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Digital attackers are increasingly turning their attention to the cloud. According to the 2020 Trustwave Global Security Report, the volume of attacks targeting cloud services more than doubled 7% in 2018 to 20% a year later. This growth made cloud services the third most-targeted environment after corporate and e-commerce at 54% and 22%, respectively.

These trends highlight the need for organizations to secure their cloud environments. Provided below are some things they should keep in mind along the way.

CSPs – Configurations and More

First, it’s important to point out that organizations are constantly shifting in their preferences for Cloud Service Providers (CSPs). A large majority of customers currently have AWS or Microsoft Azure. However, some customers have a hybrid of both AWS and Azure, and we are even starting to see a few customers adopt Google Cloud Platform (GCP). This points to an important realization: organisations need to multi-skill their employees to support these vastly different cloud platforms as they continue to undergo their digital transformations.

Fostering skills across multiple CSPs is an important matter of security. Oftentimes, we see single-skilled workers try to adopt security on CSPs that they are not familiar with. Such unfamiliarity could produce a misconfiguration that could enable attackers to access an organization’s sensitive information.

Traditionally, those misconfiguration events involved storage silos like Buckets, Blobs, etc. A number of customers had misconfigured storage that faced the public a while back. That’s what the malicious hackers look for – potential intellectual property or customer information in an insecure bucket. However, CSPs are now providing these services at a secure (private) state by default, so you would have to change it to a public-facing state deliberately going forward.

That raises an important question: should you adopt the default security configuration for your CSP in an attempt to avoid a misconfiguration incident?

I think caution is in order here. Some of the default settings CSPs provide may not be a requirement for your environment, so perhaps disable them. I’d also check all my settings against a hardening standard. At the end of the day, cloud service providers provide you a platform and the tools to manage that platform. It’s not their responsibility to secure your environment. It’s yours.

Therefore, you need to be confident that the settings in your CSP are set to the way you need them. Sure, the defaults may be a good place to start, but I would personally check them all. At the end of the day, it won’t be the cloud security provider that will be on the news at 10, after all.

It’s a Process

2020 has been a very challenging year for many, not to mention organisations who need to ensure the lights remain on in a safe and secure manner. This means giving employees access to critical systems from remote locations. We have seen the adoption of additional perimeter hardware to cope with the demand and jump servers put in place to access secure restricted systems. But to date, we haven’t seen many organisations move to the cloud.

Let’s be clear on a few things, though. Moving services to the cloud is not something that can or should be done overnight. It should normally take months of planning to ensure the right systems are running and conduct migration to the cloud. Take Office 365, which essentially can lift your whole AD management capabilities to the cloud. As we become more dependent on Software as a Service solutions and Infrastructure as a Service, there will be less demand on systems being accessed via remote VPNs.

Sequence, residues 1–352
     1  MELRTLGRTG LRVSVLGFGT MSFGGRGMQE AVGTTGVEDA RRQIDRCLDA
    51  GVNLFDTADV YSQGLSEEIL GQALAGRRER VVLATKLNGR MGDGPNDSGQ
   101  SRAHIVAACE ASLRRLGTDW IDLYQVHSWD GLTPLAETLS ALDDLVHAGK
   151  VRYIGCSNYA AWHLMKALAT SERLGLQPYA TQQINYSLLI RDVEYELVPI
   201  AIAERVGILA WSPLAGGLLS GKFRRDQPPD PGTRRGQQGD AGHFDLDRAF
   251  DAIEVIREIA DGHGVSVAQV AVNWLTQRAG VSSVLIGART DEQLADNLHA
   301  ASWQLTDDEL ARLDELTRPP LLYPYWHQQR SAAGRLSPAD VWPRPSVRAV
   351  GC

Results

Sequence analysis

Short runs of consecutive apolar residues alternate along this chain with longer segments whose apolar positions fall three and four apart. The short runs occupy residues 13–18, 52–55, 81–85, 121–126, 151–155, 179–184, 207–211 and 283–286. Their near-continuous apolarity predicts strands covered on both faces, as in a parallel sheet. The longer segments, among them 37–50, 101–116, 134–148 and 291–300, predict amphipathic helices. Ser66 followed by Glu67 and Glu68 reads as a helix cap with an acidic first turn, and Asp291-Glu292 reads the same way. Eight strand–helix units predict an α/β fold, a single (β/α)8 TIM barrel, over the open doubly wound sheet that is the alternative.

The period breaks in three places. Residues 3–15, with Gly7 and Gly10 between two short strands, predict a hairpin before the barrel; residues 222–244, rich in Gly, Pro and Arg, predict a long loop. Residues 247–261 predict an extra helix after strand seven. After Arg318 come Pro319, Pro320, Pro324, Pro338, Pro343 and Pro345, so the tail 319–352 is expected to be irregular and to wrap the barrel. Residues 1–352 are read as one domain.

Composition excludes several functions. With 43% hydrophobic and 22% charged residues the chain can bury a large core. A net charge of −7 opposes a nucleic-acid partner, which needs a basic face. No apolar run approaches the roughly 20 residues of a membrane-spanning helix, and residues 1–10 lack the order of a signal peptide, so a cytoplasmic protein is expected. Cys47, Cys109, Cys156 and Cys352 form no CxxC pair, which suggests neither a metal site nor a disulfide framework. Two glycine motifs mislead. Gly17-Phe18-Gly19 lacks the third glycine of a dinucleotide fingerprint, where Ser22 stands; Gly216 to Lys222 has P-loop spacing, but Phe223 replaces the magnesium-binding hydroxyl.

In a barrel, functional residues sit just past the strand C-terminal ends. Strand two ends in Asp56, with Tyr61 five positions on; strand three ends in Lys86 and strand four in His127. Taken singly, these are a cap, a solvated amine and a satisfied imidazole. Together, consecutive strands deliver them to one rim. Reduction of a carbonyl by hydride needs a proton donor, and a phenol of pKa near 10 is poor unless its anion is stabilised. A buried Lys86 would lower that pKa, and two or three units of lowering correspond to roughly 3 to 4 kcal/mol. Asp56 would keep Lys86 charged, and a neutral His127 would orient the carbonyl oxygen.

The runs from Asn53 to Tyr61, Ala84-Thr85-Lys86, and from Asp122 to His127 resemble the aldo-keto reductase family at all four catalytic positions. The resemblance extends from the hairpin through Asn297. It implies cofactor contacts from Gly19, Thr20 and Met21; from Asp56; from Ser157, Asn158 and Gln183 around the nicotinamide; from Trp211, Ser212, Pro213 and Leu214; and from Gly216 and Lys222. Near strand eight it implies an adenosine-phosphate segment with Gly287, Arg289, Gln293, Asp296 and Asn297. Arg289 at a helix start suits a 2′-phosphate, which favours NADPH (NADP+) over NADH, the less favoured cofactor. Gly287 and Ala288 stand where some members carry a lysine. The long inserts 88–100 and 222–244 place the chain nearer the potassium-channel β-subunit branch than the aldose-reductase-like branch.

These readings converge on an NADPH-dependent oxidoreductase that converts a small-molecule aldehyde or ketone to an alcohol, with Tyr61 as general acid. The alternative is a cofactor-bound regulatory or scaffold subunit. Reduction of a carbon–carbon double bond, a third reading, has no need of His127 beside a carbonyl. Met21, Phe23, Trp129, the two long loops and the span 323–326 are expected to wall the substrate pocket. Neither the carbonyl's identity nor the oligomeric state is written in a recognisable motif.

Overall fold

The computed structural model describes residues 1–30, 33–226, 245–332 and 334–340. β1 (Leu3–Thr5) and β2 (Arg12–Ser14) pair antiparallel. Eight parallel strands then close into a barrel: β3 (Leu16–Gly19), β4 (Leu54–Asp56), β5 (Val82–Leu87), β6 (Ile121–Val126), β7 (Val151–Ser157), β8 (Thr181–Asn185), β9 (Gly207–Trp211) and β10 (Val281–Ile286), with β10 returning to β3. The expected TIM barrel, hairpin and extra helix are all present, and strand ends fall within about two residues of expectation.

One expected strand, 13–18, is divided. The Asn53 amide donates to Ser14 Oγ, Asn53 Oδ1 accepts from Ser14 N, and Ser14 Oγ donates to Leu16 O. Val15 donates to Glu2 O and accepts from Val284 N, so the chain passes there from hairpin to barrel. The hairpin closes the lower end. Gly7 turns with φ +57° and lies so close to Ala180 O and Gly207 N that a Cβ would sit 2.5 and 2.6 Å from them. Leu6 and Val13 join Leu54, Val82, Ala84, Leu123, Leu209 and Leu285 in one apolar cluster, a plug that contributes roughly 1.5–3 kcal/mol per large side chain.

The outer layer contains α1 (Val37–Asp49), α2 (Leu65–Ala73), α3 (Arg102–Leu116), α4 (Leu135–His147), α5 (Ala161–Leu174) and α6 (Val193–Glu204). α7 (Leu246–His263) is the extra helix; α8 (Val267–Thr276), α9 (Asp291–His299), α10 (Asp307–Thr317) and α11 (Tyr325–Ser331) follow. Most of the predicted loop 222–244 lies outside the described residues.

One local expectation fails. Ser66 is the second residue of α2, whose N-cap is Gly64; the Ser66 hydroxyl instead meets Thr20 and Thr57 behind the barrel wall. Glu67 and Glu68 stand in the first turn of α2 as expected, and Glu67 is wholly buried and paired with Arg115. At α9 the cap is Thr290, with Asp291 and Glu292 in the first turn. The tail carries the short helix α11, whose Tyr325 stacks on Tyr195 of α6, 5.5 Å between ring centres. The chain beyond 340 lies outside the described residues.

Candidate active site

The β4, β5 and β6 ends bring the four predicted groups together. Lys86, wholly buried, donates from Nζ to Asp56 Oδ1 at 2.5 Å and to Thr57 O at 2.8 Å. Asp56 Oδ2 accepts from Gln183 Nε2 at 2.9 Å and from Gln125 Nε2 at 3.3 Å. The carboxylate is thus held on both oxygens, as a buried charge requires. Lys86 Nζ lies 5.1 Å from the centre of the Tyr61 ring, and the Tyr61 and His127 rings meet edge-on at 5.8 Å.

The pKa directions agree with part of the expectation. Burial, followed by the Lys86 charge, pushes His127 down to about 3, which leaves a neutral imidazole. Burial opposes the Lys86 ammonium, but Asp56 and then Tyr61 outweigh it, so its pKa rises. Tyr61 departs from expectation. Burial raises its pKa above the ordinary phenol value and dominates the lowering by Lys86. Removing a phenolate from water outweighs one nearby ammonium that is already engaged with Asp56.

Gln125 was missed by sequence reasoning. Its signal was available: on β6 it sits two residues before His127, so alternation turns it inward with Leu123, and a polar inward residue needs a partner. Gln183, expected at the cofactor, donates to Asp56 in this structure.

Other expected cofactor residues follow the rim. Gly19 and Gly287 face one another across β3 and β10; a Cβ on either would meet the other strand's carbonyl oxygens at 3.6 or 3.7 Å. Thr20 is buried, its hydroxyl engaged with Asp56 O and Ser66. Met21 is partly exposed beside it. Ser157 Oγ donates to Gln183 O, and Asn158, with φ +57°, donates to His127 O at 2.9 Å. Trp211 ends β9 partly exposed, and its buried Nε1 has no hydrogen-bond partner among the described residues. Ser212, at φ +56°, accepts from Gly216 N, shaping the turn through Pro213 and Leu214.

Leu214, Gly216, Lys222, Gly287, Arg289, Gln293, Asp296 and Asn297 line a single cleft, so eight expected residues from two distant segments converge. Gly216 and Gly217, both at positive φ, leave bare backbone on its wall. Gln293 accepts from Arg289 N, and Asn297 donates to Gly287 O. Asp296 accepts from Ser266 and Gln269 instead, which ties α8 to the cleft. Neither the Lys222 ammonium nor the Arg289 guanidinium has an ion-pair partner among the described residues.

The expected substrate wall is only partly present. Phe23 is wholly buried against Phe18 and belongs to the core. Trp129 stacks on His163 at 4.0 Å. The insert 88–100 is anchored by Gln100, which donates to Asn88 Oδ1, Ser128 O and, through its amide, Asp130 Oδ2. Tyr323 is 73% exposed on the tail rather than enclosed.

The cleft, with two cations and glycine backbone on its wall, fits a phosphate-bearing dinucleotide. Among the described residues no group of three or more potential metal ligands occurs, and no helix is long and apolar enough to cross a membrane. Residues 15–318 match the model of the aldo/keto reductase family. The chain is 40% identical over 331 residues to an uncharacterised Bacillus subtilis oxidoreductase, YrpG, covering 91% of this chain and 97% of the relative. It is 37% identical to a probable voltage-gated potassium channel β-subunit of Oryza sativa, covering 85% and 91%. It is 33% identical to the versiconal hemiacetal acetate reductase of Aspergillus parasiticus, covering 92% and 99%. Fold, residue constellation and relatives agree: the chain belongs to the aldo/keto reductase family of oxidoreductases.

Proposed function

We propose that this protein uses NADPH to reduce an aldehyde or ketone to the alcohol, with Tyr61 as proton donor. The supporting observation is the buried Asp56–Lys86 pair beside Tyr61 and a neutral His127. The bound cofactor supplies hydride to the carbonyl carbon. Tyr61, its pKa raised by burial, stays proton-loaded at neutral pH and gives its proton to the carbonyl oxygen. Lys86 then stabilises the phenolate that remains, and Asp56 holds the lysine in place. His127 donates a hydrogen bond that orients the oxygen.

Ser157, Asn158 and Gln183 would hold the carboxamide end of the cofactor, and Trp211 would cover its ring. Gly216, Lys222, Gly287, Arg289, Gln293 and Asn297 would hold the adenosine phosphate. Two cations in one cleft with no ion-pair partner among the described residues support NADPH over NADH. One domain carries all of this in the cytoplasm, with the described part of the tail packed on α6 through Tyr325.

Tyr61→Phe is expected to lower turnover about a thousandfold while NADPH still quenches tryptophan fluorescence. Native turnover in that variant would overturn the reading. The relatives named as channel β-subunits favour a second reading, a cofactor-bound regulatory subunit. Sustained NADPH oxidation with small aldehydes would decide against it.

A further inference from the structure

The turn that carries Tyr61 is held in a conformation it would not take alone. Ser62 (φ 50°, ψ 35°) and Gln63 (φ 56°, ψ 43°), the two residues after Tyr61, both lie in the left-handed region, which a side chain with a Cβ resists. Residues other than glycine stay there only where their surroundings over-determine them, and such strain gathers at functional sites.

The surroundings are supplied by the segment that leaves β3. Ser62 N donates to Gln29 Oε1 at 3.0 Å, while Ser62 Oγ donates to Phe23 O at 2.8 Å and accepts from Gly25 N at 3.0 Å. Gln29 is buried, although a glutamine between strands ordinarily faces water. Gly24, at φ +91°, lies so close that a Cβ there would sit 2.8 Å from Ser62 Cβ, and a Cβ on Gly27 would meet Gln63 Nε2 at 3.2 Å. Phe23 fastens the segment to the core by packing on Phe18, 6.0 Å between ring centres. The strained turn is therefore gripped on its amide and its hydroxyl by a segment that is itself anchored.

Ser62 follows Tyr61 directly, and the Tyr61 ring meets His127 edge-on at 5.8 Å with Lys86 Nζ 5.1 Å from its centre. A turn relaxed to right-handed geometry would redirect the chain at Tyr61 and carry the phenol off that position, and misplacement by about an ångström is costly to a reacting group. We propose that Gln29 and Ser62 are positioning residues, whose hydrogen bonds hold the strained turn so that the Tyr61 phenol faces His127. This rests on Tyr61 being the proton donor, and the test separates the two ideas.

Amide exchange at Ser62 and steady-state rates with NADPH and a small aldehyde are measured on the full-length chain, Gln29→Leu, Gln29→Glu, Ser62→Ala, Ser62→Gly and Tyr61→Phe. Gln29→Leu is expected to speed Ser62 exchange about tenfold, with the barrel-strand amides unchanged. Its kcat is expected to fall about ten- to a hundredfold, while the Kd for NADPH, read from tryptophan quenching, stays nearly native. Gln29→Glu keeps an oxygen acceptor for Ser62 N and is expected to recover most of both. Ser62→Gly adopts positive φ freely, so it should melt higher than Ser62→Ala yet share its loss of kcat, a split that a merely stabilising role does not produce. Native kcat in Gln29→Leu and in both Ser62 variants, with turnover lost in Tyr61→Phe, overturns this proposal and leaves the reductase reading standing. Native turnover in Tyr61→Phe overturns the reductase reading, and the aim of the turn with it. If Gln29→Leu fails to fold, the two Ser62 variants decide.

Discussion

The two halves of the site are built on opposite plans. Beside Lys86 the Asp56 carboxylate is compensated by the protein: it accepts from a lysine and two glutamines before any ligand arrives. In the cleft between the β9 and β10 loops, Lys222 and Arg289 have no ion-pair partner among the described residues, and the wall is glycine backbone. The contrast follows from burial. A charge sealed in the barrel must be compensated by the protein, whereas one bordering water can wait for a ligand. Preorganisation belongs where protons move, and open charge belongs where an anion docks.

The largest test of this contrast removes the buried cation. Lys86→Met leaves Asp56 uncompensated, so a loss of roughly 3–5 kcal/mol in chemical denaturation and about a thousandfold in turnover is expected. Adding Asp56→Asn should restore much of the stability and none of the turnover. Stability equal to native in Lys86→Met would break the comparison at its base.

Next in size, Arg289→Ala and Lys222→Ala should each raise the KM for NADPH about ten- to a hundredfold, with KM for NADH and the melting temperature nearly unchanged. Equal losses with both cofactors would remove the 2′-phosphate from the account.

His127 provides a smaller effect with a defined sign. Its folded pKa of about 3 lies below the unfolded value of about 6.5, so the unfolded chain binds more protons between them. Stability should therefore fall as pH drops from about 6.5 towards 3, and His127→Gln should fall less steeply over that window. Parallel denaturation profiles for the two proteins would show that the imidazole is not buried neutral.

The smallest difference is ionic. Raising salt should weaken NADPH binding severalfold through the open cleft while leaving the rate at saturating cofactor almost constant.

Align to Cloud Hardening Standards

Fortunately, organizations can choose from a variety of standards to harden their cloud environments against attack. The Center of Internet Security (CIS) has a very mature set of standards and guidelines for multiple cloud providers as well as operating systems and applications, for instance. However, there are other standards out there such as the National Institute of Standards and Technology (NIST) that also cover hardening cloud environments.

In my opinion, though, there are a lot of overlapping controls in all the standards. As long as at least one standard is adhered to, it will help reduce the attack surface.

Automate, Automate, Automate

Over the years, automation in many areas of security has been increasing to meet the demand of so many systems generating alerts, discovering vulnerabilities, churning out logs, etc. Automation now extends to compliance. Solutions like Tripwire Enterprise can automate the process of checking multiple tests against many endpoints to show compliance across the estate. If you can use these solutions to continuously monitor systems for deviations from a specific standard, then you will be able to react quicker to potential security issues before a breach can occur.

So many organisations discover security breaches when the breach occurs and not before, so it’s time to get ahead of these breaches and help prevent them from happening in the first place. Malicious hackers use automated tools to continuously sweep and scan CSPs for misconfigured systems, which we have learnt can be easily achieved. So, if we started to use similar tools to ensure those holes are not there in the first place for the hacker to discover, then I’m up for that. Automation is a thing now. It’s time for organizations to embrace it.

Where Tripwire Fits In

Tripwire’s cloud cybersecurity solutions help organizations to automatically manage and enforce the configurations of their AWS, Azure and GCP accounts. It also helps them to monitor and manage vulnerabilities across their cloud assets as well as maintain consistent security controls as cloud assets spin up and wind down. For more information on Tripwire’s cloud cybersecurity products, click here.